Getting Plan Sponsors to understand 401(k) fee disclosure: Lots of work to do

People ask me all the time how I can write so much about retirement plans. The answer is that I worked for my college newspaper called the Statesman. When you have an empty 16 page newspaper and about 12 hours to write, you have to be quick on your feet. The motto of the Stony Brook Statesman was “Let Each Become Aware”.

Let each become aware to me is not only the motto of my school paper, it’s my belief that through information eventually will come knowledge. I have always been a proponent of 401(k) fee disclosure for plan sponsors and participants because plan sponsors and participants should become aware.

While information can become knowledge, it can only become knowledge if it is spread and taught to those who should know. A recent study by Sharebuilder shows that retirement plan providers have long way to go in educating plan sponsors about the fees they charge.

45% of the plan sponsors in the study thought 4% was a reasonable fee to pay for a 401(k) plan. The average all-in 401(k) fees paid by plans with less than $1 million in assets is between 0.99 percent and 1.83 percent.

In addition, while a large majority of providers provided the required disclosure to plan sponsors, only 50 percent of the companies in the study recalled receiving fee disclosures.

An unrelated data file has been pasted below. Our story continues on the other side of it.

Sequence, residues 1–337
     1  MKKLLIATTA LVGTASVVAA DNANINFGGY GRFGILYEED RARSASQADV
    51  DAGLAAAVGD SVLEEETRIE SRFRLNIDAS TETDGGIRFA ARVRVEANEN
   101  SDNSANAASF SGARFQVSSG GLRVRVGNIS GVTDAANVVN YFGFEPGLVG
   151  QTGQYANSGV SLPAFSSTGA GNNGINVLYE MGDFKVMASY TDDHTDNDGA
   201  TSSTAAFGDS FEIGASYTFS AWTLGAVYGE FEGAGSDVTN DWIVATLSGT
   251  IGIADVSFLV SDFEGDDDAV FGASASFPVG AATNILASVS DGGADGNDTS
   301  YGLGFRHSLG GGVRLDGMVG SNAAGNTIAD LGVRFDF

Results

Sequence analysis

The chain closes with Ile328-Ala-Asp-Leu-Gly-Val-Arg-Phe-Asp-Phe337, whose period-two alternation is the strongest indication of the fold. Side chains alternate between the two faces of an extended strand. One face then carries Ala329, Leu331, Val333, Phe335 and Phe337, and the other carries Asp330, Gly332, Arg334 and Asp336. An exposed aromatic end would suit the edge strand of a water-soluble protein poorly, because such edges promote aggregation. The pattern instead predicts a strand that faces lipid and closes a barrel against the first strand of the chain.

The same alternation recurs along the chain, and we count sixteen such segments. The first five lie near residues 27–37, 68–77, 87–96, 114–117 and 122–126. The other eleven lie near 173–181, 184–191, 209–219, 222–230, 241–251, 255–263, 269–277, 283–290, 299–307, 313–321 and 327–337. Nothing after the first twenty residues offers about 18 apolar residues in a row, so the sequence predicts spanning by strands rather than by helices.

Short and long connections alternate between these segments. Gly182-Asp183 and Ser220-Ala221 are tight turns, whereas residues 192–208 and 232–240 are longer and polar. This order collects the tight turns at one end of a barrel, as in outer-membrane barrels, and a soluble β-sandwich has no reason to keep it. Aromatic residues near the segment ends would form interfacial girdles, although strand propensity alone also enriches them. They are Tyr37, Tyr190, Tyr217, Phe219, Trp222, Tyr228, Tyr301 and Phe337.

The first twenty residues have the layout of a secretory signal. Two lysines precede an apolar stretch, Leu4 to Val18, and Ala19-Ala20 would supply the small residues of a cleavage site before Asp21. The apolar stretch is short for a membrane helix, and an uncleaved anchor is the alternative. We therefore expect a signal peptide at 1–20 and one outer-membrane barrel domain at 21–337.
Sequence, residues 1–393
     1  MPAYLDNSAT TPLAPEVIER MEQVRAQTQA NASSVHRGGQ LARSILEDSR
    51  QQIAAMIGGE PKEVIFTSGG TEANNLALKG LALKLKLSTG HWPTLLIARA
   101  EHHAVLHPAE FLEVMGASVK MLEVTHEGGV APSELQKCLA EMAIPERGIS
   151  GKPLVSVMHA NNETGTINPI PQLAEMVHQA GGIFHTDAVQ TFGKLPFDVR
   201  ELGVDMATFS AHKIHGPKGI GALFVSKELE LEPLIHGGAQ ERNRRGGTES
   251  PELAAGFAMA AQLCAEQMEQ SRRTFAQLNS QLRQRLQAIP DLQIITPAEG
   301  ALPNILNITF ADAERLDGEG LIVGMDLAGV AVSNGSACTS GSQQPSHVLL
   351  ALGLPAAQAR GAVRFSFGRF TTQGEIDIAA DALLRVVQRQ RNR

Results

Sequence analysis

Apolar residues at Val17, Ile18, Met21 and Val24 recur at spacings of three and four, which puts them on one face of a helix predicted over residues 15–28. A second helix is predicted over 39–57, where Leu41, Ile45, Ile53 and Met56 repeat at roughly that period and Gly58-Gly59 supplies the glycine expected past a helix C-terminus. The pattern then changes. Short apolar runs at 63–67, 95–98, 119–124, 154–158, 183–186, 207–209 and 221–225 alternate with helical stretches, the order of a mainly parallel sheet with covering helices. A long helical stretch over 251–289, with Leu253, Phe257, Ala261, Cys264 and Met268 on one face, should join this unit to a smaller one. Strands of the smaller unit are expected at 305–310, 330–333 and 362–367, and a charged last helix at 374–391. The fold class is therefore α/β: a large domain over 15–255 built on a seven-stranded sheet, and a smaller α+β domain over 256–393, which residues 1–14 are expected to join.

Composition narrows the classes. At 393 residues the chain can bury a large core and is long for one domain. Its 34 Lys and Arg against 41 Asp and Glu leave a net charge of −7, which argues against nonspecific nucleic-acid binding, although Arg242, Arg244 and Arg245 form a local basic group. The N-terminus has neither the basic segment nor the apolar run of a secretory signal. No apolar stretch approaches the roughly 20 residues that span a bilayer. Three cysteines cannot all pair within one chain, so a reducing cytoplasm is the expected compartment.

When New York State became the first state to require seat belts for drivers in 1984, compliance was low. Eventually, all new drivers had to wear them in order to pass the road test for a license, so any driver taking drivers education after 1984 only started driving while wearing seat belts. Over time, compliance grew from 12% in 1994 to almost 90% in 2010. That is how I see plan sponsors understanding fee disclosure, it will take time and plenty of education.

I still can’t get over that 45% of plan sponsors interviewed thought 4% was a reasonable administrative cost for 401(k) plans. 4%? We have some work to do.

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